1 Kings 4–5, Ephesians 2, Ezekiel 35, Psalm 85

If you’re following the schedule, you should read these chapters today: 1 Kings 4–5, Ephesians 2, Ezekiel 35, Psalm 85. Click on any of those references to see all the passages in one long page on BibleGateway. If you can’t do all the readings today, read Ezekiel 35.

Much of Ezekiel’s prophecy concerns the sins of Judah, but in the section we’ve been reading lately his focus is on other nations. In today’s chapter Ezekiel prophesied against Edom. This nation was located to the East and South of Israel; it is part of the modern nation known as Jordan. This land was populated with the people who came from Jacob’s (aka “Israel”) twin brother Esau. At times the Edomites and the Israelites had a good relationship; other times, however, they fought like brothers… I mean, like enemies.

This prophecy promises desolation to Edom (v. 3b, 4). The reason is found in verse 5 where God said, “you harbored an ancient hostility and delivered the Israelites over to the sword at the time of their calamity….” The “ancient hostility” is probably a reference to the tension that existed between Esau and Jacob but the phrase you “delivered the Israelites over to the sword at the time of their calamity” refers to a more timely issue. When Nebuchadnezzar was attacking Jerusalem, the Edomites were cheering and even assisting the Babylonians (see Psalm 137:7, Obadiah 1:10-14). So God promised here in Ezekiel 35 (and other passages) that he would repay the Edomites with justice.

And what was the motivation for Edom’s alliance against Judah? Jealousy: “Because you have said, ‘These two nations and countries will be ours and we will take possession of them,” even though I the Lord was there, therefore as surely as I live, declares the Sovereign Lord, I will treat you in accordance with the anger and jealousy you showed in your hatred of them’” (vv. 10-11) Though Esau and Isaac personally lived out their old age at peace with one another, the resentment of the Lord’s favor for the Israelites simmered in the hearts of Esau’s descendants. When God’s judgment came on the people of Judah, Edom did not intercede with him for mercy or mourn the loss of so many lives. Instead they cheered the demise of their brother-nation.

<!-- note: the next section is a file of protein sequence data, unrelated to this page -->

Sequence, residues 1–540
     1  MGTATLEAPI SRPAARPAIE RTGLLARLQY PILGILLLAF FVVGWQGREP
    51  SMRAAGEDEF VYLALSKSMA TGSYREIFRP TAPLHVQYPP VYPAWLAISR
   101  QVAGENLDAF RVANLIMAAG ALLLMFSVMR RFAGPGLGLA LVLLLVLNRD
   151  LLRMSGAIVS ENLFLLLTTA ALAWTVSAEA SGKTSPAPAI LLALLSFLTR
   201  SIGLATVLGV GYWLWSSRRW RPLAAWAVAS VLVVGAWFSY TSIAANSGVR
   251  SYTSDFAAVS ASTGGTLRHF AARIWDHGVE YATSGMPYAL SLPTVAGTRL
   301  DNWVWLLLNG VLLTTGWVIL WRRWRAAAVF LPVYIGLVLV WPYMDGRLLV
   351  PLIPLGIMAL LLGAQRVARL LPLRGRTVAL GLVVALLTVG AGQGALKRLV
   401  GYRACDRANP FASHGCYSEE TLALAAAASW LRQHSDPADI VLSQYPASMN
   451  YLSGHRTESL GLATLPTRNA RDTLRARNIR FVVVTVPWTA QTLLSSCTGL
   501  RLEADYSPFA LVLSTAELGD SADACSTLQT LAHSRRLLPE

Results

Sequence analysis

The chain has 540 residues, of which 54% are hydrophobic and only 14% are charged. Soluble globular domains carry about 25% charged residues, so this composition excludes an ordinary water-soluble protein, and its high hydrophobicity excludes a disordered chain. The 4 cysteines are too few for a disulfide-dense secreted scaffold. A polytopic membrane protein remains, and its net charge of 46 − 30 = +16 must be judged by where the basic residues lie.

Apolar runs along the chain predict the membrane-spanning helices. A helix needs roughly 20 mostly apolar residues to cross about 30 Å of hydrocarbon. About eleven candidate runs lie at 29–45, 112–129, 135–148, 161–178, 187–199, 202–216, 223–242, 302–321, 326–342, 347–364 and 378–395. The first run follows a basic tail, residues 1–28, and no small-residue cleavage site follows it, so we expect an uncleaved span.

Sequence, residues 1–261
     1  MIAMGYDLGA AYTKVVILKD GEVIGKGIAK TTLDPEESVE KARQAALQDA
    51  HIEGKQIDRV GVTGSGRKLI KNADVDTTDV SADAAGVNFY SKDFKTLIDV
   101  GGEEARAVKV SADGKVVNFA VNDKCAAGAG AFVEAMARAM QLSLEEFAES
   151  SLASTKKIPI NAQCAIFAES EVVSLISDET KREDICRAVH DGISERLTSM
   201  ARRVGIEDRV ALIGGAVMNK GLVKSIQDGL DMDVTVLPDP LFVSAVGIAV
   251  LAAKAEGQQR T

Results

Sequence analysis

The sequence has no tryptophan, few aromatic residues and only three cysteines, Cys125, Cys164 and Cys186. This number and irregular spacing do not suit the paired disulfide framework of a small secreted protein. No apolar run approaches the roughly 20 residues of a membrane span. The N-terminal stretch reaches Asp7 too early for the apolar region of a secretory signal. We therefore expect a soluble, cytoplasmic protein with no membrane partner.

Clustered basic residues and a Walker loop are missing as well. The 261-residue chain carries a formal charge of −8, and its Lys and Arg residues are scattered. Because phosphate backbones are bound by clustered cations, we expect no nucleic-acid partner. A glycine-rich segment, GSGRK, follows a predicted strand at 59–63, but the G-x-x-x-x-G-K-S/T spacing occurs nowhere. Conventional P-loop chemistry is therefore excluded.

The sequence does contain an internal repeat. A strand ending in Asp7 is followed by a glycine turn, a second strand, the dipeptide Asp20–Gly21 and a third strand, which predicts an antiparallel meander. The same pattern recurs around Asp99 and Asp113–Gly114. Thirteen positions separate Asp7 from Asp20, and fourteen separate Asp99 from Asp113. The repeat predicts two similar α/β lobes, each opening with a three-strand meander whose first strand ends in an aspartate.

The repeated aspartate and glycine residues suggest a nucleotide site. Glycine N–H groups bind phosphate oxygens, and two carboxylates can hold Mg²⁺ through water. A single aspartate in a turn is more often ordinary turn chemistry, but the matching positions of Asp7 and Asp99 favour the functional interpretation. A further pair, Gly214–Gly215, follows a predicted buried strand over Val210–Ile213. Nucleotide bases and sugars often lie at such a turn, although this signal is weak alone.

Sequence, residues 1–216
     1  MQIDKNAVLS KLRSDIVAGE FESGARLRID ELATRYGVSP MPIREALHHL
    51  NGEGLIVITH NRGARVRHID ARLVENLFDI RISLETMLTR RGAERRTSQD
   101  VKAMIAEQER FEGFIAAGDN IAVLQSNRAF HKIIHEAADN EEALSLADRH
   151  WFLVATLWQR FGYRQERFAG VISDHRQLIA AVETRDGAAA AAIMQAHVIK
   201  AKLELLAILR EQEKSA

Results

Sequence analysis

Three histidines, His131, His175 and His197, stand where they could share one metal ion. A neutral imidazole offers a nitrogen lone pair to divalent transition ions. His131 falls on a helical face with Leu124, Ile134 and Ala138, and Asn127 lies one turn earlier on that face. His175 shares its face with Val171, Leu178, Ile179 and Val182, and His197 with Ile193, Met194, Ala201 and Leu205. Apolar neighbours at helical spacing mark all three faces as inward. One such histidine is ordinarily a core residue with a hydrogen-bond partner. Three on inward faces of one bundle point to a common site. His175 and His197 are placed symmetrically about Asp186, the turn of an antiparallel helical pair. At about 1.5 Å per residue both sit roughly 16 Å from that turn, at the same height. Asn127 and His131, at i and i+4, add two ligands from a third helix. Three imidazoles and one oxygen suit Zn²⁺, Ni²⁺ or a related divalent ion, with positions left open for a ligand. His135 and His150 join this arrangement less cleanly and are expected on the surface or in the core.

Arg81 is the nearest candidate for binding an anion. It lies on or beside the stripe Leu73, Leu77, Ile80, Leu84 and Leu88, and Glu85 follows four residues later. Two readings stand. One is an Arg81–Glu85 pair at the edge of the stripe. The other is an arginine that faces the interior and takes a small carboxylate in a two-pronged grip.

What an ugly sin jealousy is! It causes us to hope for the worst for others, wishing maximum pain on those we dislike. There is a time, of course, to ask God for justice when someone has sinned against us. But if we take perverse pleasure in his justice, can God be pleased with the state of our hearts? And, if we hope for, long for, and even strive for the demise of someone else—not because they mistreated us but because they did better than we did in some way—do we not deserve the Lord’s discipline too?

As we prepare to come together for worship today, search your own heart. Any jealousy there? Any resentment, any hostility, hatred, anger? Do you long for pain in someone’s life so that you can feel better about yourself or take the thing they have that you think you deserve? These are common human attitudes but they are wicked in the sight of God. Repent of them and ask God to give you a true love for your enemies, just as he loved us when we were at war with him.

Now for your thoughts: What stood out in your Bible reading for today? What questions do you have about what you read? What are your thoughts about what I wrote above? Post them in the comments below or on our Facebook page. And, feel free to answer and interact with the questions and comments of others. Have a great day; we’ll talk scripture again tomorrow.